By Daniel Strain, Science News
Big earthquakes like the Sendai quake that devastated Japan in March don’t cause similar disasters on the other side of the globe, a new study suggests.
Like ranks of falling dominoes, tremors on the scale of the Sendai quake can trigger other earthquakes, say geophysicists at the U.S. Geological Survey in Menlo Park, Calif. But, based on analyses of about 30 years of seismic data, those shocks are all very small or sit close to the original fault break, the group reports online March 27 in Nature Geoscience.
“If California is ready to go, it’s because California is ready to go,” says Jian Lin, a geophysicist at the Woods Hole Oceanographic Institute in Massachusetts. “Not because an earthquake in California would be triggered by Japan.”
There was previously some room for doubt, says study coauthor Tom Parsons. Fault lines aren’t islands. Like tossing a rock into a pond, breaking chunks of earth send out waves that can circle the globe several times over. In a 2008 study, Parsons and his colleagues discovered that as those waves pass, far-flung corners of the planet start to buzz with lots of tiny temblors. That worldwide rumbling raised some eyebrows, he says: “If the whole world becomes an aftershock zone, should we worry about big ones?”
In the current study, the team narrowed its focus to just that: the big ones. Parsons and his colleagues traced the seismic wave aftermath of every magnitude 7 or larger earthquake—over 200 in all—during the past 30 years. Following the initial earthquake, faults within 1,000 kilometers frequently ruptured domino-style. On the far scale, however—think Japan to California—the group couldn’t find a second domino larger than magnitude 5.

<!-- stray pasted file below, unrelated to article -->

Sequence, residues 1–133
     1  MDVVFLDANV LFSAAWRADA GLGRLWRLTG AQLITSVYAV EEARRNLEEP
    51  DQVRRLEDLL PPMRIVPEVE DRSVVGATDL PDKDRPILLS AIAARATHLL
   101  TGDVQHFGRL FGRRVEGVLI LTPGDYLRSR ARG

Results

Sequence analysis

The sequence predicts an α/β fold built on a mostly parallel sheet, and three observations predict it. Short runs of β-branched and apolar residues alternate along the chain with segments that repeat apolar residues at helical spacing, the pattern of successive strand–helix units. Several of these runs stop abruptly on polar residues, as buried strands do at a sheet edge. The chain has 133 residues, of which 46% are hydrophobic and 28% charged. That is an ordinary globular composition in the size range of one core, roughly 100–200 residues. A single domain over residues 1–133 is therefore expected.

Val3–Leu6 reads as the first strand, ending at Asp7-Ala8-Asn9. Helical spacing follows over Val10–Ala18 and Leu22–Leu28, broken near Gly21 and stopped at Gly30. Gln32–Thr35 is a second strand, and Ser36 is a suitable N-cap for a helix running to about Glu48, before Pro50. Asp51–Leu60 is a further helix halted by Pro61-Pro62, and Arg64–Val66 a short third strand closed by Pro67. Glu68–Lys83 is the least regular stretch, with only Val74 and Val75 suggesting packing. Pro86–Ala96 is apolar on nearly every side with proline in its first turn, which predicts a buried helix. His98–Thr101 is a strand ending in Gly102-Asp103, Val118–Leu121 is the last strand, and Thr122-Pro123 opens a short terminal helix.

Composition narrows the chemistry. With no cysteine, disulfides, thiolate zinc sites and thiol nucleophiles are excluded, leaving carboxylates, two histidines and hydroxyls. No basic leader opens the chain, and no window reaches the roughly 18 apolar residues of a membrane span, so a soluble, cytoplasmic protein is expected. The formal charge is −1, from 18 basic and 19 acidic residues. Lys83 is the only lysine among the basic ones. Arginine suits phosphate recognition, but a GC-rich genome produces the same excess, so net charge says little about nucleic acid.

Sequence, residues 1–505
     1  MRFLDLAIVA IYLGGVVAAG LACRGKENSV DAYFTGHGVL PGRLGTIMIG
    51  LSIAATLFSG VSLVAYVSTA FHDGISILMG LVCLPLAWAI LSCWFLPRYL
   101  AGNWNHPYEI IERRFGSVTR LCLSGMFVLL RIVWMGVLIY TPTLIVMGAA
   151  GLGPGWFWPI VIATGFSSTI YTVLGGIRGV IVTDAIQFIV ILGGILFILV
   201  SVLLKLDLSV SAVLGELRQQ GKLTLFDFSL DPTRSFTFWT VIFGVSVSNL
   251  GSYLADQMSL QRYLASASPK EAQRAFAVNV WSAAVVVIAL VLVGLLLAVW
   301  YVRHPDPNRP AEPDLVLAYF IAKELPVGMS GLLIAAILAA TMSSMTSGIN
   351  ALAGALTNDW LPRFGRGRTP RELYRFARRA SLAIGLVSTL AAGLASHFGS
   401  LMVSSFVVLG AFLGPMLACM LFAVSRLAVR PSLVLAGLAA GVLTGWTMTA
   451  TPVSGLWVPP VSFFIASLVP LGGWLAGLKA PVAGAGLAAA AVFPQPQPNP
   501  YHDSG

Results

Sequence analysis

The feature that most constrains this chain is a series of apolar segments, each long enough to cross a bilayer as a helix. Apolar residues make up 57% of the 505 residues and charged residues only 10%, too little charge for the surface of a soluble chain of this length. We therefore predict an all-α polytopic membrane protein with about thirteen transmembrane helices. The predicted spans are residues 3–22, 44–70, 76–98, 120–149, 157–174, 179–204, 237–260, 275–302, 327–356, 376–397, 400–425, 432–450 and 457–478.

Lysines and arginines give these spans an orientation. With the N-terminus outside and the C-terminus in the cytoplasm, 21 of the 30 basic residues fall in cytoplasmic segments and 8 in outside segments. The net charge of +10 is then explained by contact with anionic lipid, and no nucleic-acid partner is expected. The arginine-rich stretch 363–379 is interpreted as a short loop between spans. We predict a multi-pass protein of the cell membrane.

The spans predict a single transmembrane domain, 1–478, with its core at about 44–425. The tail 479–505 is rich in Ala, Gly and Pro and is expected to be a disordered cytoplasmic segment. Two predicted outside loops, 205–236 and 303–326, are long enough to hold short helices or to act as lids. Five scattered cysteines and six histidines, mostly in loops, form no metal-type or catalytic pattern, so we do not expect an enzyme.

“It might be a surprising result to the public,” Lin says. “But it’s not a surprising result to an earthquake scientist like myself.”
How shaking could trigger tiny faults but not big ones remains unclear, Lin says. But he likes to think of faults as picket fences: Your neighbor can knock down your fence by pushing on it directly — just as earthquakes often shift the forces on nearby faults. Your neighbor could also knock down your rickety old fence with vibrations, say by turning up the stereo way too high. No matter how loud that music gets, however, it won’t knock down a sturdy fence down in the next town over, Lin says.
The study does, however, include a number of uncertainties, says Emily Brodsky, a geophysicist at the University of California, Santa Cruz. It can be difficult to determine whether a large quake was triggered independently or by a previous smaller quake elsewhere, she says, and the aftershock record is far from complete. The scarcity of seismograms in, say, the open ocean leaves holes in the data. “It’s actually a little embarrassing how bad our ability to detect earthquakes under certain circumstances are.”
For Parsons, resolving the physics behind these questions is goal number one. Knowing how earthquakes work makes a difference when drawing quake-hazard maps for places like Japan and California. “Ultimately, we’d like to understand the physics behind it,” he says. “That makes us a lot more comfortable when we’re forecasting things.”
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